Prompted by the recent Covid-19 crisis and a corresponding upsurge in interest in time use diary design and data, the CTUR team have been working on two new projects relevant for: researching patterns of time use during the current lockdown; understanding cross-national patterns of social distancing; and informing policy-makers tasked with managing decisions about coming out of lockdown:
1. A brief overview of alternative time use diary designs, with particular reference to online and app designs for rapid deployment, also illustrating an intuitive and visually attractive online click-and-drag diary instrument (for which we are currently designing a webapp).
2. An analysis of existing time use data on social contact and location information across 8 countries, indicating the main ‘risk’ exposure times by gender across countries prior to the lockdown.
Papers arising from these projects are in the process of publication and (1) may be accessed below as a CTUR Special Working Paper. A demonstration video for the click-and-drag diary design (CaDDI) is also provided (mp4 file).
CTUR Special Working Paper in the time of Covid.
(1) Time use diary design for our times - an overview, presenting a ‘click-and-drag’ diary instrument for online application.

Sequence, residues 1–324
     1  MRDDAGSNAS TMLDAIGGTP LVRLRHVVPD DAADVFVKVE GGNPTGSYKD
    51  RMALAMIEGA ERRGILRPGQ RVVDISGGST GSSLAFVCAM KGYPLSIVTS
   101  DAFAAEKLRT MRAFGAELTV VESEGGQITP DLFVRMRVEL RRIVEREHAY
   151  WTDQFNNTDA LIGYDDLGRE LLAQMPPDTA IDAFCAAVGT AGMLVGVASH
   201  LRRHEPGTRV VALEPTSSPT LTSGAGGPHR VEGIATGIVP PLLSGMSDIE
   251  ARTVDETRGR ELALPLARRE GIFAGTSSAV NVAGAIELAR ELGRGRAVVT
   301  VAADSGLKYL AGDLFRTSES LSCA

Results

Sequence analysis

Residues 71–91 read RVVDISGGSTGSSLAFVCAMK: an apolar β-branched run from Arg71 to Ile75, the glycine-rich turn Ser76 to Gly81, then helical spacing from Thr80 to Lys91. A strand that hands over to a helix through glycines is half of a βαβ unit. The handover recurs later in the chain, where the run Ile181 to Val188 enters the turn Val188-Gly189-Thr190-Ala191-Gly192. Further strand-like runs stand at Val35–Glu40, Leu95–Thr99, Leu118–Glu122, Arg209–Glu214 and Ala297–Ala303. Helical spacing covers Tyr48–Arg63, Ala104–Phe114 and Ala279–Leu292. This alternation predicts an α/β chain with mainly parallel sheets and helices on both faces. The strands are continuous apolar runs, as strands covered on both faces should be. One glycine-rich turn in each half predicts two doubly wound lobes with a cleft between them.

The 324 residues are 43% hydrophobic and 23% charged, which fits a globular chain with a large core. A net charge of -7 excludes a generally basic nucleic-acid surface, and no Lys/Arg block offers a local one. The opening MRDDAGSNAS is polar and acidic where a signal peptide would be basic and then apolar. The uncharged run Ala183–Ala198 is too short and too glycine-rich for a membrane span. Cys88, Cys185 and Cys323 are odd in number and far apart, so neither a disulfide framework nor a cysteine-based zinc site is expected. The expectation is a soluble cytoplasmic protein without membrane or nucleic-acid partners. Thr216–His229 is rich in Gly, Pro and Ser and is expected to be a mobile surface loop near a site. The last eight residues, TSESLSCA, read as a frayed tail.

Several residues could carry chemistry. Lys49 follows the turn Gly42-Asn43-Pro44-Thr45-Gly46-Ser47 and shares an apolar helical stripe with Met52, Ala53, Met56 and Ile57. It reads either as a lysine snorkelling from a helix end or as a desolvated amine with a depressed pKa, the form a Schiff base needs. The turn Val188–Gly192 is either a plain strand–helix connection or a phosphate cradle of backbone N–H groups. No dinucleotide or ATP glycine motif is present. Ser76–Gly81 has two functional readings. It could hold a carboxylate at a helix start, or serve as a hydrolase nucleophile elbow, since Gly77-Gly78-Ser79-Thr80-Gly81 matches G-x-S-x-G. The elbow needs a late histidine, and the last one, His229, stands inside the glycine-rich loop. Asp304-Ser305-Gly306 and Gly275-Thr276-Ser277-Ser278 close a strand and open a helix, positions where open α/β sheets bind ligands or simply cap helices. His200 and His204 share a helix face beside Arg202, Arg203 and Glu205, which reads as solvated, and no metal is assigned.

The recent global pandemic, involving restrictions on movement, social distancing and the displacement of many work activities to the home, has created an upsurge of interest in changes in the distribution and sequencing of our daily activities. Time use diary data is recognised as the leading source of evidence on this topic. The purpose of this paper is to provide a timely overview of the current state-of-the-art in respect of the design of time use surveys for rapid, online or smartapp deployment. It has three parts: firstly, for those who are looking for an overview of the various diary designs in use, we briefly summarise the main methods currently deployed to collect time use data. Secondly, for those interested in learning more about the development of time use diary data collection, we present an overview of the history of the development of the various kinds of diary designs and purposes, from their origin in the late 1800s. Finally, we present a detailed example of a specific kind of diary design, the ‘Click-and-drag diary’ instrument, that may be of particular interest in respect of the sudden demand for new data on time use as it is both user-friendly to complete and capable of timely adaptation and online deployment.
Below: CaDDI demonstration video: